I am going to be working on a video project that needs closed captioning. The requirement we got from the client says....

Closed Captioning

  • Embedded Timed Text subtitle track (ISO/IEC 14496-17)

After doing some research I haven't been able to find anything that would let you embed a Timed Text file into a video. Is that even possible? What would be the process for accomplishing this? I am using Adobe Premiere.

2 Answers 2


http://en.wikipedia.org/wiki/MPEG-4_Part_17 "Timed Text" Format comes in many flavors

example tools would be ffmpeg, subler, mp4box


If you can use mkv instead of mp4 as your container format, there is widespread player and muxer support for various subtitle formats in matroska. (widespread throughout free / open source software. I can't comment on other players.)

Then you can use SRT, ASS, and many other text subtitle formats. You can even use bitmap sub formats like VOBSUB (dvd) or PGS (blu-ray).

wikipedia has an interesting table of subtitle formats.

To properly answer your question, though, I just tried muxing SRT subs into an mp4. It doesn't work.

ffmpeg -i in.mkv -i in.srt -c copy /var/tmp/out.mkv # works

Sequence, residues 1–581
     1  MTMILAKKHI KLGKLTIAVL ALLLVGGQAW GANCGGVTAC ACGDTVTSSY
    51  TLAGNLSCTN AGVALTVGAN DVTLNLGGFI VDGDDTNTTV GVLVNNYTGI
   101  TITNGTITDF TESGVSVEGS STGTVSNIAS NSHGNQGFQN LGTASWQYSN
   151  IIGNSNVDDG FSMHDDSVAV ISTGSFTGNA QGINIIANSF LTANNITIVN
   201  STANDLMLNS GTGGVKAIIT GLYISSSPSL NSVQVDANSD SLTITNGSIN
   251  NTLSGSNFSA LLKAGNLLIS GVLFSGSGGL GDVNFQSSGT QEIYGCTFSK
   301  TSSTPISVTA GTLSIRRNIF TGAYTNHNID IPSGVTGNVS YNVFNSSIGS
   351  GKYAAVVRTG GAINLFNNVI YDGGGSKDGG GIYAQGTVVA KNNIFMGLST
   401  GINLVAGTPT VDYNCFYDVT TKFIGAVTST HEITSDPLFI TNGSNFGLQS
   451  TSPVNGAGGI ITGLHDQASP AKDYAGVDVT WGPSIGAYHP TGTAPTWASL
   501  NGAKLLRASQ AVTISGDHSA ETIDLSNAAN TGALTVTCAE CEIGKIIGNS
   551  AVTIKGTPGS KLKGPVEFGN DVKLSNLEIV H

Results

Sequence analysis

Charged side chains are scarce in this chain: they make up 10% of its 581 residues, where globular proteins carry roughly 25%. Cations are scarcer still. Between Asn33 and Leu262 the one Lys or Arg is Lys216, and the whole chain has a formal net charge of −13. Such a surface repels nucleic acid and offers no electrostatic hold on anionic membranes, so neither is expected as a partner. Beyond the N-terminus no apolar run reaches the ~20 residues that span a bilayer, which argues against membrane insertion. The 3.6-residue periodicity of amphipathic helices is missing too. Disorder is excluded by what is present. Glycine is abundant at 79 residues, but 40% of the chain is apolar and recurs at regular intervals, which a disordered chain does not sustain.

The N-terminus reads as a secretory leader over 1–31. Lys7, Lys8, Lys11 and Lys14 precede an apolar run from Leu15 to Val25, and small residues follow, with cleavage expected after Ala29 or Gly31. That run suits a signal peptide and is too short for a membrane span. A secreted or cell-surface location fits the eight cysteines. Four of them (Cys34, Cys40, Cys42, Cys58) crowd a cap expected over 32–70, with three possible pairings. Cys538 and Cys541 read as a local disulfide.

ffmpeg -i in.mkv -i in.srt -c copy /var/tmp/out.mp4 # just timestamps

The mp4 has a mov_text stream, but displaying it in mpv just shows "00:00:00.000" or some other timestamp, with no text. Ok, apparently ffmpeg doesn't get it right unless you specifically use -c:s mov_text. If you use -map 0 -map 1, I get

  Stream #1:0 -> #0:2 (subrip (srt) -> ? (?))
Encoder (codec none) not found for output stream #0:2

(My subs are in a separate file, not muxed in the mkv, so I need a -map for each to make sure I take all streams from all files. Otherwise ffmpeg just takes the first a, v, and sub stream it finds. And without -map 1, it doesn't try to use the srt input at all, for some reason. Like I said, it makes a mov_text stream, though.)

Anyway, I left in my mis-steps in case they're helpful when you're trying to figure out this stuff yourself. This works and plays with subs in mpv:

ffmpeg -i in.mkv -i in.srt -codec copy -c:s mov_text /var/tmp/out.mp4

The key line in the output is:

  Stream #1:0 -> #0:2 (subrip (srt) -> mov_text (native))

For editting your subtitles, you can use anything that can produce a subtitle format that ffmpeg can read. (It should be able to convert any text-based format to mov_text.) Subtitle Edit is one of the newer better-maintained GUIs, and runs on Windows and Linux at least. IDK about OS X.

Your Answer

By clicking “Post Your Answer”, you agree to our terms of service and acknowledge you have read our privacy policy.

Not the answer you're looking for? Browse other questions tagged or ask your own question.